General and specific ????'S


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RB98SS
December 30, 2008, 04:08 PM
I've posted a few questions regarding using lead in 44 and 357 and have received some great feedback which I appreciate immensely. It has however, made me wonder if I'm making the right decisions in regards to components.

I've been loading 44 mag for a while now and have been using 200gr RNFP bullets from Penn. They seem to work well with some leading but nothing that I would call excessive.

Much of the feedback I get pertaining to the 44 and 357 lead bullet selections I've made suggest that If I use a non bevel base bullet I would lessen that build up. I want to use magnum powders with the bullets I choose and the ones I have are rated up to 1600fps according to the manufacturer. I don't want to push them that hard but somewhere in the area of 1200fps I would think.

So here is my general question. Is there a real advantage to using a non bevel based bullet in these two calibers? Most of the available bullets from many manufacturers have the bevel base.

My more specific question is how do you guys like LiL Gun in 44 and 357?

Thanks again, Gary

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rcmodel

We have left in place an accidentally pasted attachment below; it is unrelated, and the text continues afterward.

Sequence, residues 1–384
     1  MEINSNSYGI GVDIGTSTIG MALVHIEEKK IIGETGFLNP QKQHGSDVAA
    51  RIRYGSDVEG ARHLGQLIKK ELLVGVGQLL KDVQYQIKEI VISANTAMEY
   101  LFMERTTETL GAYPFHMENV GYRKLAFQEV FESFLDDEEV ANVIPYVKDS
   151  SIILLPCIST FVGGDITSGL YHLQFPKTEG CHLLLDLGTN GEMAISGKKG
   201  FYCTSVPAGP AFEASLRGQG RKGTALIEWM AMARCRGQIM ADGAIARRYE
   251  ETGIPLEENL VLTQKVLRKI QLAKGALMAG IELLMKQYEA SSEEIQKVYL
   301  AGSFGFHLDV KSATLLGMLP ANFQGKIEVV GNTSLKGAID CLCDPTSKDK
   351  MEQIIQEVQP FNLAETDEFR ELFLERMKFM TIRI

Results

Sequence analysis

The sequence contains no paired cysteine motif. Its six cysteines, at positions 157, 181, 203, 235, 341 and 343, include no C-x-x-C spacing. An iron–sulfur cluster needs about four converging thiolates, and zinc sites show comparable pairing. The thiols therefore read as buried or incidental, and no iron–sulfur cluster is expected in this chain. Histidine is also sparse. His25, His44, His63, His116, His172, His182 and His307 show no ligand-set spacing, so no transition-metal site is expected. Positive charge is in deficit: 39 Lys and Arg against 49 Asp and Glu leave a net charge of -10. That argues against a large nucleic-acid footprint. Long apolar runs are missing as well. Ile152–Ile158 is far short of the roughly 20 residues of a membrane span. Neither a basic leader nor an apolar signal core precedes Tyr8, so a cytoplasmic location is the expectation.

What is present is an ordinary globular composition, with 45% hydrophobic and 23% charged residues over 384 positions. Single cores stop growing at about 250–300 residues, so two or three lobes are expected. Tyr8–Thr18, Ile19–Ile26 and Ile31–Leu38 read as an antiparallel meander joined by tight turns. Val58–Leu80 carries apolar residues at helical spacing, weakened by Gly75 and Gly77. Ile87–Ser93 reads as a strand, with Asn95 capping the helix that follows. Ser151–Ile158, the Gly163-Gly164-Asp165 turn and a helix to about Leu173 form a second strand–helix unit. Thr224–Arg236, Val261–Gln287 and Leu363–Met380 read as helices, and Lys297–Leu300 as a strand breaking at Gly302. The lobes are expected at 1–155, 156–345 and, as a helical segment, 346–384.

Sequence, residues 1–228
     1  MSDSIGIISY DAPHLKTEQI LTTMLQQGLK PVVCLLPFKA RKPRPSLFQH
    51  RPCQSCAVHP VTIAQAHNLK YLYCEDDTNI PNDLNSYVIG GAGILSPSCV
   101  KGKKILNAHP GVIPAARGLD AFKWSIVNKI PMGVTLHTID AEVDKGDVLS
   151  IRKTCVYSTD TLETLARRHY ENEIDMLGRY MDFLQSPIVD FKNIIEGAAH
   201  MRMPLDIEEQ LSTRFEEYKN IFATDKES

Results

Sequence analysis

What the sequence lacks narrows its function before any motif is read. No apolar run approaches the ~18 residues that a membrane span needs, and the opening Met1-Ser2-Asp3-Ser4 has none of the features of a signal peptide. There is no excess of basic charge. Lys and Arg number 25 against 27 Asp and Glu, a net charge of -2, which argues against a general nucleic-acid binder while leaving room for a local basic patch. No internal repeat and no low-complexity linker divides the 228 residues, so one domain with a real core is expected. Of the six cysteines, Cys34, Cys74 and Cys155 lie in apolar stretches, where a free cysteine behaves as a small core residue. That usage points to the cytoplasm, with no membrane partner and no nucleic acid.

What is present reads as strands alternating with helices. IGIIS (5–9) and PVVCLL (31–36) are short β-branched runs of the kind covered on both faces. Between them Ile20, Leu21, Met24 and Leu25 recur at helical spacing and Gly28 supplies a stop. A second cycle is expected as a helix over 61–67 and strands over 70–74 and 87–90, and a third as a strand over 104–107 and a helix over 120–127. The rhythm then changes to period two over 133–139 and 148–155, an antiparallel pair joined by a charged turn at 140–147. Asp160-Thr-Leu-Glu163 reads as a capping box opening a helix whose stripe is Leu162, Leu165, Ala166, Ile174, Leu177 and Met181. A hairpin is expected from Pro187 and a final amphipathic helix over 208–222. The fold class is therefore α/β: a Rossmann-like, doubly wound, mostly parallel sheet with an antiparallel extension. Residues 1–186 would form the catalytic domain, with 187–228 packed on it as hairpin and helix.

December 30, 2008, 04:21 PM
The theory is that a bevel base bullet simply cannot seal the bore as it should for some distance, until it becomes a full diameter bearing surface.

What is left hanging out in the breeze, (or hot powder gas as it were) is exposed to melting, and allowing gas to drive or wedge between it and the bore causing gas cutting.
And otherwise do unspeakable things.

It is a fact that flat-base bullets will not lead as easy as bevel-base.

But it is also a fact that everyone with a Magna Casting Machine only makes bevel-base bullets because they fall out of the molds better.

I guess all I can say is try them and see, or start casting yourself.

rcmodel

ReloaderFred
December 30, 2008, 05:35 PM
While Magma does offer flat base molds, few commercial casters buy them. Most production reloaders like the bevelled base because it facilitates feeding into the case when loading.

I prefer bullets with flat bases myself. For one thing, it gives a little longer bearing surface. Another is the gases aren't swirling around the bevel. I also seem to get less leading with them, but that's not really an issue for me anyway.

As for Hodgdon's Lil'Gun, I use it in heavy (175-185 grain) bullet loads in .357 Magnum Carbines. For that purpose, it's the cat's meow. I haven't tried it in my .44 Magnums yet, but plan to in the future.

Hope this helps.

Fred

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